The art of the steal: When does a copyright go too far?
Robert Shore is editor of Elephant Magazine, a visual arts quarterly. This is an edited excerpt from his book "Beg, Steal and Borrow: Artist's Against Originality," published by Laurence King.
If you want to riff on the "Mona Lisa," go ahead. Scratch a biro mustache on her. Give her a full beard if you like.
Don't go drawing facial hair directly on the original, of course; that's the physical property of the Louvre, and the museum's conservators are likely to get very angry with you. But otherwise feel free to do your best or worst with Leonardo's portrait of Lady Lisa.
You can copy it or adapt it; you can even rephotograph it and Photoshop your signature on to it if you want. The original is out of copyright, and has therefore become part of the global creative commons.
If you use a photograph of the "Mona Lisa" as a basis for your art experiments and then try to sell the results, though, be aware that that photographic image may be separately copyrighted material. (Photographers have rights, too.) And it should go without saying that if you make an exact oil-on-board copy and try to pass it off as Leonardo's original, you may be charged with forgery. But otherwise knock yourself out. You are (almost, within carefully circumscribed limits) absolutely free.
If you want to do something with Pablo Picasso's "Les Demoiselles d'Avignon," on the other hand, you are much less free. Newsweek hailed it as "the most influential work of art of the last 100 years" in 2007, when it was precisely 100 years old, but just because it was likely made before your grandparents were born doesn't mean that it's in the public domain yet.
In fact, that hoary old museum piece "Les Demoiselles" will be in copyright for several more decades, because copyright's term has been extended considerably since Hogarth's day, when it ran from 14 years from the date of first publication. Now the formula is life plus 70 -- that is, until 70 years after the death of the author.
(The calculation is based on works providing for two generations of an artist's family after his or her decease; I wish my grandparents' pension plans had had similar provision.)
Had today's law been on the statute books in 1732, the copyright in Hogarth's "A Harlot's Progress" would have lasted until 1834 rather than 1746. That's a big difference. It means that if contemporary artists of an appropriative bent want to respond to work without worrying about copyright infringement, they should stick to stolidly 19th-century works: the Victorians are almost certainly out of copyright by now.
But you are very tightly restricted when it comes to playing with images created by other people or corporations in your own -- or indeed your grandparents' -- lifetime.
Ownership of a physical work of art can be transferred in perpetuity (sold), but even if you had personally paid $100 million for a painting by an artist who either was still alive or had died within the past 69 years, you would not have the right to exploit the work's image commercially; copyright would remain with the artist's estate.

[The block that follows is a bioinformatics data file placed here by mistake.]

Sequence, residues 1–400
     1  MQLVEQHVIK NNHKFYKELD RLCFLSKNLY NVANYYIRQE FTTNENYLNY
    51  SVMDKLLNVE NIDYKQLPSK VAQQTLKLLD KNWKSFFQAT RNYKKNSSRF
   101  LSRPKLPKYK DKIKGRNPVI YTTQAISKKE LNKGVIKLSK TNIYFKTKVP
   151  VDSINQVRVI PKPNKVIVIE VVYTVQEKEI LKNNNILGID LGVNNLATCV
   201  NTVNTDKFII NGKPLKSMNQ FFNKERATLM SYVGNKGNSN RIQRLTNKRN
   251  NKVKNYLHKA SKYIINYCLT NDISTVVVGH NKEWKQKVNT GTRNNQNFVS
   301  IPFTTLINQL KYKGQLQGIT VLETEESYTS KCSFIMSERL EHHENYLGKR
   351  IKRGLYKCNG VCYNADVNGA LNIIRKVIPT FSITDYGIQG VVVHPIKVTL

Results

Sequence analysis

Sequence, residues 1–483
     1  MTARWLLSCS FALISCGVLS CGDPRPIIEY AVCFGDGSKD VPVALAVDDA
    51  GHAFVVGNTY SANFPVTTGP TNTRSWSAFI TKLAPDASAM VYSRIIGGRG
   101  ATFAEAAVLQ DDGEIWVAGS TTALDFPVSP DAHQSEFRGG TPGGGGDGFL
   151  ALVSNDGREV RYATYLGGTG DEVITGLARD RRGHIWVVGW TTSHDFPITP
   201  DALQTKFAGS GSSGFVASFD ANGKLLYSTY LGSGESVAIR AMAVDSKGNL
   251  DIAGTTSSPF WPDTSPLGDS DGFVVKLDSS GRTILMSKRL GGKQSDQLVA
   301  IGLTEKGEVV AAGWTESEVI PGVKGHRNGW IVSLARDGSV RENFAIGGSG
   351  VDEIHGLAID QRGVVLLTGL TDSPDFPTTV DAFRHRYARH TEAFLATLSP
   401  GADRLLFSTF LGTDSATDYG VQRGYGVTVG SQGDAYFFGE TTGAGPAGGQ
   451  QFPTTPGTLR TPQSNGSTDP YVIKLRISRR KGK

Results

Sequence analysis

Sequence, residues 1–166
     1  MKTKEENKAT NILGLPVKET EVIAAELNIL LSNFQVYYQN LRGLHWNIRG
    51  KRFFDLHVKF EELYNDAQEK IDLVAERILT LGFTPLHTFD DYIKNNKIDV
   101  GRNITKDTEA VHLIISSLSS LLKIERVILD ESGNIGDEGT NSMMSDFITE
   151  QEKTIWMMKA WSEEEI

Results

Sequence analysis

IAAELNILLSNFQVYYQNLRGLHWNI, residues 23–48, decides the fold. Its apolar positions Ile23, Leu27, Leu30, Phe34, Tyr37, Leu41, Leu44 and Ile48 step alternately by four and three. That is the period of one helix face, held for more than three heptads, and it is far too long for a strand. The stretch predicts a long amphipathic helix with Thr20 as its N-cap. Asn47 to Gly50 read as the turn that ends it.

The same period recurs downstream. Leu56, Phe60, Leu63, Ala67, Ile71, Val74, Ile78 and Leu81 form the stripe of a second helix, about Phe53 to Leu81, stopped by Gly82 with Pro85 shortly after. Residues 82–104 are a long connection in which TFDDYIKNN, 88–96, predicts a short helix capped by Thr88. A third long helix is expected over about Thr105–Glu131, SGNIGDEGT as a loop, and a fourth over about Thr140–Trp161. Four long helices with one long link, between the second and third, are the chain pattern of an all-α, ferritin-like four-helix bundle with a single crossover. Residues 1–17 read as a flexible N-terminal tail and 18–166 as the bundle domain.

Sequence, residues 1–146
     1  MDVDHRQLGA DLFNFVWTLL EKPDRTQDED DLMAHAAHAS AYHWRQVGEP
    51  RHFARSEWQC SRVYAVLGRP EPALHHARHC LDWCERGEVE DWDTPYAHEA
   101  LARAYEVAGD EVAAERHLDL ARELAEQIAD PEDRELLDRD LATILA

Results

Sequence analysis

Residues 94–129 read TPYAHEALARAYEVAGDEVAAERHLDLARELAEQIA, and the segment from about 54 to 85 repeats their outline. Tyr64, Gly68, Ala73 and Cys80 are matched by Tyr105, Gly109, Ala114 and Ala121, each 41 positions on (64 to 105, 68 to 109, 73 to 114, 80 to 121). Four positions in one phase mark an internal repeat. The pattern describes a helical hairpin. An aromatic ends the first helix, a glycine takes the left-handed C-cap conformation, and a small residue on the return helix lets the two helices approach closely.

For your $100 million you get the painting with all its attendant aura, but that doesn't mean you can stop the artist or the artist's estate from making the same sum again by authorizing the use of its image on supermarket carrier bags. Every groceries-shopper could have a copy for small change.
1/11 – "Femme assise, robe bleu" (1939) by Pablo Picasso: $45,047,500
"Les Demoiselles d'Avignon," for instance, has belonged to the Museum of Modern Art in New York since the late 1930s; for nearly 80 years it has benefited from the physical and intellectual exertions of MoMA's conservators and curators.
But if you wanted to reproduce it in a textbook or use it as the basis for an artwork of your own, you would in the first place have to apply for permission to the Picasso estate, not to the museum.
And you might not get it: the makers of the film "Surviving Picasso" (1996) were denied the right to reproduce any of the Spanish master's works because the estate was reportedly unhappy with the script's portrayal of Picasso as a selfish womanizer. Messrs Merchant and Ivory had to make do instead with works by Matisse and Braque (whose estates did not object) to convey the period atmosphere.
Copyright is a cornerstone of any democratic, progressive, free society that values and wishes to continue to enjoy the benefits of a knowledge-based economy.
"As the founders of this country were wise enough to see," former register of copyrights Abraham Kaminstein told the United States Congress in the 1970s, "the most important elements of any civilization include its independent creators -- its authors, composers and artists --who create as a matter of personal initiative and spontaneous expression rather than as a result of patronage or subsidy. A strong, practical copyright is the only assurance we have that this creative activity will continue."
Most people agree that the world would be poorer without the works of Picasso, and in so far as his "creative activity" was supported by copyright, copyright must be a Good Thing.
But, you might ask, what is the "creative activity" of Picasso's estate? It is certainly not creative in the sense that Picasso was (its most famous, highly controversial "creative" act was putting Picasso's signature on a Citroën car), and yet it enjoys the same copyright privileges. Actually, it enjoys more: in Picasso's lifetime, copyright lasted only 50 years beyond an artist's death.
So copyright, in some measure, is a Good Thing. But, as your parents most probably told you the first time you came home drunk, you can have too much of a Good Thing.
"Beg, Steal and Borrow: Artist's Against Originality" by Robert Shore, published by Laurence King, is out now.